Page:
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Baroness Buscombe: I support Amendment No. 136. I shall speak also to Amendments Nos. 150 and 151 and the consequential amendments, Amendments Nos. 297 and 298.

As to Amendments Nos. 150 and 297, at present when a local authority considers an application for a new public entertainment licence or a variation to a licence, it will have before it a report in which local authority officers will set out any grounds for objection or representations. These may come from the district surveyor, environmental health, or from the licensing officers themselves. As the Bill is drafted, relevant representations, which we have already mentioned, would be able to be made only by interested parties and responsible authorities.

Clause 13(4)(d) provides that a local authority can be a responsible authority, but only in respect of certain narrowly defined functions, including environmental health. What is not included are the important functions which the local authorities now carry out under the Crime and Disorder Act in combination with the police. It is only right that given the links between alcohol and crime, the local authority should be able to make relevant representations in respect of its duties under the Crime and Disorder Act.

I turn to Amendment No. 151 and its consequential Amendment No. 298. The local weights and measures authority carries out important consumer related functions in relation to licensed premises and as such it should not be precluded from being able to make relevant representations in respect of licensing applications. If, for example, it has been found that an unscrupulous owner of licensed premises has been selling short measures, it is surely only right that the local weights and measures authority should be able to make representations if that person applies for a new licence elsewhere, and, more importantly, it should be able to apply for a review of an existing licence under Clause 50.

Lord Brooke of Sutton Mandeville: I support the noble Viscount, Lord Falkland, and my noble friend

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Lady Buscombe. The common cause between the two sets of amendments is the prevention of crime and disorder. The concepts that lay behind the Crime and Disorder Act had been contemplated by the previous government before 1997. However, I am the first to say, certainly on the basis of local experience in inner London, that we have been considerable beneficiaries of the Crime and Disorder Act. The degree of collaboration and co-operation between local police and local authorities in central London in dealing with a whole series of problems, and the fact that this power would be extended by the amendments powerfully recommend them.

4.15 p.m.

Lord McIntosh of Haringey: I hope to persuade the Committee that all of the objectives of these amendments are already covered by the Bill, but in order to do so I shall refer briefly to the definitions mentioned by the noble Baroness, Lady Blackstone, when speaking to a previous group of amendments.

An authorised person is a person who is given powers of entry, inspection and, in the case of an officer of a licensing authority, enforcement. An authorised person is also charged with monitoring compliance with any conditions or restrictions attached to licences or certificates. An interested party is a local resident or residents' association or local business or trade group that wants to make representations about applications or apply for a review. Responsible authorities are expert bodies which will be able to make representations often amounting to a recommendation or objection to applications or to seek a review. The complaints or objections of the interested parties and responsible authorities must be relevant to the licensing objective.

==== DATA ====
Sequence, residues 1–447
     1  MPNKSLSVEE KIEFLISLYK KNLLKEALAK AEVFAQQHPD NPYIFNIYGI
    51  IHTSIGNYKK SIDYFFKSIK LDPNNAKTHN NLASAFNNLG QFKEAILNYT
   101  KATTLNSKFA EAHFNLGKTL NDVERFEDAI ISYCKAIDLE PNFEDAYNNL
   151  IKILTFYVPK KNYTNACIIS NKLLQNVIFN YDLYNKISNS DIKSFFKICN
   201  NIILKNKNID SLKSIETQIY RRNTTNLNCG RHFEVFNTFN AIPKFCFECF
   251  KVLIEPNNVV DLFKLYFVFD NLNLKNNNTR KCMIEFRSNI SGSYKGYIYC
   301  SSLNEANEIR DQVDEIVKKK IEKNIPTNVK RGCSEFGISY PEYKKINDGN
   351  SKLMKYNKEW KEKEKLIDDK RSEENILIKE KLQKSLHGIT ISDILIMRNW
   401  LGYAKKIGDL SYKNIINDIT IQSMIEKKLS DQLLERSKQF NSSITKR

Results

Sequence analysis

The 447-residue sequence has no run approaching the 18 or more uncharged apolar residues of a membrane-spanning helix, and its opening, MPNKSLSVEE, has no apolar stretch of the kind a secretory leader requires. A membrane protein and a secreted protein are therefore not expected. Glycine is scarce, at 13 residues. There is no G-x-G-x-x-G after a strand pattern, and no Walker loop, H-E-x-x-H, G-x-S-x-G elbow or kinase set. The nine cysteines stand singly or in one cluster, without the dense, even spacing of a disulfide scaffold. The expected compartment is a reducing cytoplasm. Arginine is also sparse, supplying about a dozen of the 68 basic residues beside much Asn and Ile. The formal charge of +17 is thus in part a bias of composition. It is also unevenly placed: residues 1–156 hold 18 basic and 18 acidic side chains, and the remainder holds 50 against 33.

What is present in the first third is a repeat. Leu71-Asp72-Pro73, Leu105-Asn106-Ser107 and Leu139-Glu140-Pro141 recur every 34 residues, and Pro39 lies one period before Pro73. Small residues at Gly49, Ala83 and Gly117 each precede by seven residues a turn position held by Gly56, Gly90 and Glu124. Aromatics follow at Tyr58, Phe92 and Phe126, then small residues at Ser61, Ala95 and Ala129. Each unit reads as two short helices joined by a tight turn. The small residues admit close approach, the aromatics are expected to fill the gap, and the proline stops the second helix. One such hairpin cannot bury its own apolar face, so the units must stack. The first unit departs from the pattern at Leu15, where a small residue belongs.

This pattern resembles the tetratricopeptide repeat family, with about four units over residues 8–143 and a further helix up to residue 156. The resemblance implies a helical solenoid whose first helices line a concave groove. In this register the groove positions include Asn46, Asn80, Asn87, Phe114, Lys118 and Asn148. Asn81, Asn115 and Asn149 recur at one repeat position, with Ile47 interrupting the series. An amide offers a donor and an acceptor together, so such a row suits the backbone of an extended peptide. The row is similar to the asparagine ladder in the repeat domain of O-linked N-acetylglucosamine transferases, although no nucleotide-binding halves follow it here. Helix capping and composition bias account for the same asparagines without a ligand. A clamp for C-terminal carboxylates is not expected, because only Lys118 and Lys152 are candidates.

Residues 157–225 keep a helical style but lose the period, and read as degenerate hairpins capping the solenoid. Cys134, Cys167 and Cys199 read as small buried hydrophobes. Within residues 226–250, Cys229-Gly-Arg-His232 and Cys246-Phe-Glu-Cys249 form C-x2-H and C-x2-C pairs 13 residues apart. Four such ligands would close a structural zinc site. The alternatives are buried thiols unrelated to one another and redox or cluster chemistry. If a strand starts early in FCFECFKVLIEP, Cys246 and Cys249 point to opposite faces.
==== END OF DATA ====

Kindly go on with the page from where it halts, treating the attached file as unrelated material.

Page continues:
When we add to the list of authorised persons, as some of these amendments seek to do, we must remember that we are adding to the people who have access to premises for inspection and to investigate breaches. We suggest that we ought to be cautious about doing that. Licence holders and qualifying clubs are engaged in legitimate business. We should not lightly add to their burdens by letting any group have this kind of access. When we add to the interested parties and responsible authorities, we add to the bureaucracy of the system. I know that the Committee is anxious to avoid that. The more responsible authorities that become engaged, the more paperwork there is. The burden falls on industry and on any authority that we involve. The costs have to be recovered through licence fees. We must be absolutely certain that involvement is absolutely necessary.

Among authorised persons we do not include the police because they already have the many necessary powers of entry. Where there is any doubt the Bill refers to them by using the term "constable" rather than "authorised person". We include any local authority or officer authorised by the licensing authority for the purposes of the Act. We include the fire authority and those entitled to inspect on issues

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related to health and safety. We include environmental health officers and those responsible for the safety of passengers on boats and ships. We can prescribe others if we want to.

Among responsible authorities we include the police, the fire authority, those responsible for health and safety, environmental health officers, licensing authorities in whose area the premises also lie if they are in more than one area, navigation authorities in the case of boats and other more specialist authorities. This is a comprehensive list. We do not include the licensing authorities themselves as they will receive the objections and decide on their merits. We would not wish them to be judge and jury. Therefore, the responsible authorities are intended to include technical and professional experts. That includes the local authority acting as the environmental health authority. The Secretary of State can add to the list by regulation.

Amendments Nos. 151 and 298 in Clauses 13 and 68 seek to add trading standards officers to the list of responsible authorities. When considering the licensing objectives in connection with an application to grant or vary a licence, the issues of crime and disorder are primarily for the police. Those concerning health and safety are for local authorities and, in special circumstances, for maritime agencies and the Health and Safety Executive. Those concerning nuisance are for the police, the local authorities and local people. Those concerning children would engage them all.